Business Today

Young and restless

Quite a few Indian men are showing signs of restlessness. This is resulting in increased job hopping and rising intra-national migration.

twitter-logoManu Kaushik | Print Edition: December 30, 2007

Amit Raina is 33, completed his MBA from Bombay University in 1999 and joined Mumbai-based ad agency Quadrant as a client servicing executive. Since then, he’s been in two other jobs and three cities. “I’ve been restless since I started my career and I don’t think that is going to change,” says Raina, who currently works in Delhi as Executive Vice President (Home Loans) at a global financial outfit.

“Money is not the only cause of this restlessness. My aim is to try and make the most of the opportunities that are up for grabs,” he says. Raina, who hails from Chandigarh, moved from Quadrant in Mumbai to the Chennai office of Rediffusion in 2000. “In 2003, I joined my present employer in Hyderabad, and was transferred to Delhi in 2006 in my current capacity,” he says.

Like Raina, the 31-year-old Avijit Das has also been on the move for the last 10 years. For him, shifting from one place to another in search of better opportunities has been a great learning experience. Das, who hails from Kolkata, completed his postgraduation from the Indian Institute of Packaging in Mumbai in 2000 and was picked up by Hindustan Lever (now Hindustan Unilever) from campus and posted in Pune. In 2003, he shifted to Bangalore as part of the joint venture between HLL and SC Johnson.

“The venture soon broke off and I returned to Pune.” Das is currently based in Delhi, working as Packaging Development Manager with GlaxoSmithKline Consumer Healthcare. “It doesn’t matter where you work, so long as it helps fulfil your requirements and aspirations.”

The US is often called the land of opportunities. India can now honestly claim to be a rival for that label. From retail to infrastructure to IT to telecom, there are opportunities galore for Indian men across the country. Says S. Parasuraman, Director, Tata Institute of Social Sciences: “Increased mobility is a hallmark of a dynamic economy. It is natural for men (and, women, too) to migrate to places where jobs are available. That is what we’re now seeing in India.”

Avijit Das, 31, Packaging Development Manager, GlaxoSmithKline Consumer Healthcare
Avijit Das, 31
Packaging Development Manager, GlaxoSmithKline Consumer Healthcare

“It doesn’t matter where you work, so long as it helps fulfil your requirements and aspirations"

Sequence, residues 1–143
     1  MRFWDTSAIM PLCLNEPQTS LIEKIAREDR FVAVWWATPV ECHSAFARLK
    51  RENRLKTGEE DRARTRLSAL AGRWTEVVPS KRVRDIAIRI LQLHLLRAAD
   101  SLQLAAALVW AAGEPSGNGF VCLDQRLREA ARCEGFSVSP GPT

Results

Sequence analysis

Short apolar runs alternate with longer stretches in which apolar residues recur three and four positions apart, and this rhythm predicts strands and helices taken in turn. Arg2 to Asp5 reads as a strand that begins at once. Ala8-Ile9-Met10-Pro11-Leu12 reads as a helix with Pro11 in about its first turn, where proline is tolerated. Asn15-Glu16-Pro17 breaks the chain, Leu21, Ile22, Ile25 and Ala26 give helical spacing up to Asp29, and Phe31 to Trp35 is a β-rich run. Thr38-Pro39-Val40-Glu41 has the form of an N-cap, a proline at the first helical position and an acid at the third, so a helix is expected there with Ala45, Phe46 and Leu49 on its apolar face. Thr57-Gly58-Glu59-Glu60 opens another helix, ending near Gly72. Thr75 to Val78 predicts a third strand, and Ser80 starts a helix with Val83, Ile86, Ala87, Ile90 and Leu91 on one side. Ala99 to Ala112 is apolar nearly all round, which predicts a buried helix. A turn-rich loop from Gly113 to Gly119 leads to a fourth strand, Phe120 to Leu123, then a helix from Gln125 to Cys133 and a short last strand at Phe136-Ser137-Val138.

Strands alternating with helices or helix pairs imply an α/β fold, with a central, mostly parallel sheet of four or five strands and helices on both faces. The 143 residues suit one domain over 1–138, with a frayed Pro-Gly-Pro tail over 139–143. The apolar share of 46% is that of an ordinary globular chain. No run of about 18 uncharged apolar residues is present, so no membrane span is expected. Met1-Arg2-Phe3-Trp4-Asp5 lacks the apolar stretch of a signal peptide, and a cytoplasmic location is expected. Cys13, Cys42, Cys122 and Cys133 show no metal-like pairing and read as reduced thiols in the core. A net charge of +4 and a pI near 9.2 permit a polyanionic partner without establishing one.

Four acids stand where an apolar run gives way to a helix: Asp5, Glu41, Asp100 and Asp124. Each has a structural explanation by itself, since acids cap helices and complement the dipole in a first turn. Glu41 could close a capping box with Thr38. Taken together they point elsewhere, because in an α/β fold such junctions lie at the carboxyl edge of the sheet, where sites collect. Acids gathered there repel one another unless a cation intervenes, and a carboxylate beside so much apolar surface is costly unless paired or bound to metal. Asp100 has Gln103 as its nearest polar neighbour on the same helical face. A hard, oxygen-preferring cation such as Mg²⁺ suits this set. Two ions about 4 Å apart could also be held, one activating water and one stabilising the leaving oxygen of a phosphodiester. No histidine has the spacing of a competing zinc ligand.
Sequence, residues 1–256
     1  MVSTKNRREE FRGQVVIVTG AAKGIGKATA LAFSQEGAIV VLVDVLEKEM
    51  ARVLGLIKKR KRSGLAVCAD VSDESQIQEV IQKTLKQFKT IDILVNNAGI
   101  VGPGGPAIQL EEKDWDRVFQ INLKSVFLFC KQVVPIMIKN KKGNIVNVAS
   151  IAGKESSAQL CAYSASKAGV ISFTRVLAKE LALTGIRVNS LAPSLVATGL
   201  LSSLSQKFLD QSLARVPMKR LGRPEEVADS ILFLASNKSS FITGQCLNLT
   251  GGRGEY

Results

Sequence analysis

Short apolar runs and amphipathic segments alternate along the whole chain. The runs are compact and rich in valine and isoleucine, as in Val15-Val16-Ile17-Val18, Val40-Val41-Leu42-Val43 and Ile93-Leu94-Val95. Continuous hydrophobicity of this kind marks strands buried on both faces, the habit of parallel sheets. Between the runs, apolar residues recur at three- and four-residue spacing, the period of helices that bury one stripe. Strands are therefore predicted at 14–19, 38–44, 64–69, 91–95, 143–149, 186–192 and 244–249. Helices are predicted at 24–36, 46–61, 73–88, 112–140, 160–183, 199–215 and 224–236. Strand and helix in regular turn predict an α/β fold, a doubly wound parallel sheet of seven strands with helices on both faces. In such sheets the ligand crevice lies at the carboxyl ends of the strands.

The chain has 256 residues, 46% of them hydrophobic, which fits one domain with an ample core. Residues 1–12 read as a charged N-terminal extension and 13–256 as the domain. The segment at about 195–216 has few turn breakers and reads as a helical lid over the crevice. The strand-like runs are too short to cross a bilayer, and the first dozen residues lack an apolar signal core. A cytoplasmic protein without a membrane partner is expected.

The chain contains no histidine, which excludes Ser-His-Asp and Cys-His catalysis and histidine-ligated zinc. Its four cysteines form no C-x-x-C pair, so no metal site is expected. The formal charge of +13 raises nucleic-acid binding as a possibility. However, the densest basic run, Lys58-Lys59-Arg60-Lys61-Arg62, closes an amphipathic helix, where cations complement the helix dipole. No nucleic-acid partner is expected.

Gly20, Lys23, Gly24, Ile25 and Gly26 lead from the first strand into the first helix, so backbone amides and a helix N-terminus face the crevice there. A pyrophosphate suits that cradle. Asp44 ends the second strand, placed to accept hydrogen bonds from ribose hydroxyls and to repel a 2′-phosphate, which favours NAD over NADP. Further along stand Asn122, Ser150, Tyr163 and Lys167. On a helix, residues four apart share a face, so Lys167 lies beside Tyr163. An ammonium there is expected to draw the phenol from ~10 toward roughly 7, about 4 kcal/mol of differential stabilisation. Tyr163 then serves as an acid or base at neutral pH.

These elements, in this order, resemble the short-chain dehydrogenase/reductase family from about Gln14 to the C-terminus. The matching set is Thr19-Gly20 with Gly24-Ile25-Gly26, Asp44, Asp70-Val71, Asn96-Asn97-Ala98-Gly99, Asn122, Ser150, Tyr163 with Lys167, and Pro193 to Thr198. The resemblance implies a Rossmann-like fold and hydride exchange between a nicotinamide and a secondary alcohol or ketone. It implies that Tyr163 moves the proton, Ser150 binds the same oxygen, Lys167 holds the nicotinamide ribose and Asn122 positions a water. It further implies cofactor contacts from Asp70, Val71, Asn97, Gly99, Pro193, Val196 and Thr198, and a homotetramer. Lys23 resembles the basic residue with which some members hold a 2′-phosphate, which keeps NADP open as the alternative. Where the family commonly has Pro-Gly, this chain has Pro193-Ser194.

This trend, visible for ages, has now gained critical mass. Says Sharmila Rege, Professor, Department of Sociology, University of Pune: “A closer look at the profile of Indian men indicates that they are restless, very ambitious and looking for fast-track career growth. The challenge for the economy is to meet their ambitions and aspirations.”

The expectations of the younger generation is vastly different from those of earlier ones. They tend to look at both short-term and long-term benefits. Says Dr Samir Parikh, Consultant Psychiatrist and Chief (Department of Mental Health and Behavioural Sciences), Max Healthcare: “The biggest difference is the aspirations of the men. Increased global exposure means everybody is now aware of what is happening elsewhere in the world.”

And it’s not only, or always, money that fans this restlessness. Vivek Bana, 27, completed his MBA from Amity International Business School in 2003 and joined an event management company in Delhi. Two years later, he joined DLF’s Events & Promotions Division in Gurgaon as a Senior Executive. “Moving cities for work is not an issue. What’s important is the job content and the satisfaction I get from it,” he says. In fact, our survey shows that one in four men in India actively want to settle down in some part of India other than their current place of residence, while another 29 per cent don’t mind doing so.

The rest feel rooted and don’t want to move. That means a little more than half of Indian men are actually open to the idea of moving cities. Corporate and organisational priorities are also pushing this trend. Says Rege: “In the services and manufacturing sectors, employees are liable to be shifted between different cities at frequent intervals for ‘on-site’ assignments.”

The Business Today-MaRS survey shows that this restlessness is most acute in the north zone, followed by the east and the west zones. Southern men emerge as the ones most rooted to their soil. Among cities, Delhi men come across as the most restless, very much in line with the regional data, but men in Pune—and not any of the southern cities—the least so.

Says Parasuraman: “The reason is simple: the four southern states—Andhra Pradesh, Karnataka, Kerala, and Tamil Nadu—now lead the country in a number of indices including infrastructure, job opportunities, social security and political stability. So, it’s natural that local youth prefer to stay put.” This is in line with our survey, which shows that 65.2 per cent of men in South India are satisfied with their current standard of living. But opportunities can only be part of the reason. That’s because men in North India rank second on this parameter (63.2 per cent of them are satisfied with their current standard of living), yet the north tops the list of “restless” regions.

So, there you are. Greater opportunities, and soaring ambitions are fuelling a mass intra-nation migration of people, but this, and a modern way of life—as we see elsewhere in this cover package—in no way detracts from the traditional values that Indian men still hold dear. Maybe, just maybe, this will, over time, subsume the many sub-national identities that now make up India and result in the emergence of a truly pan-India Indian.

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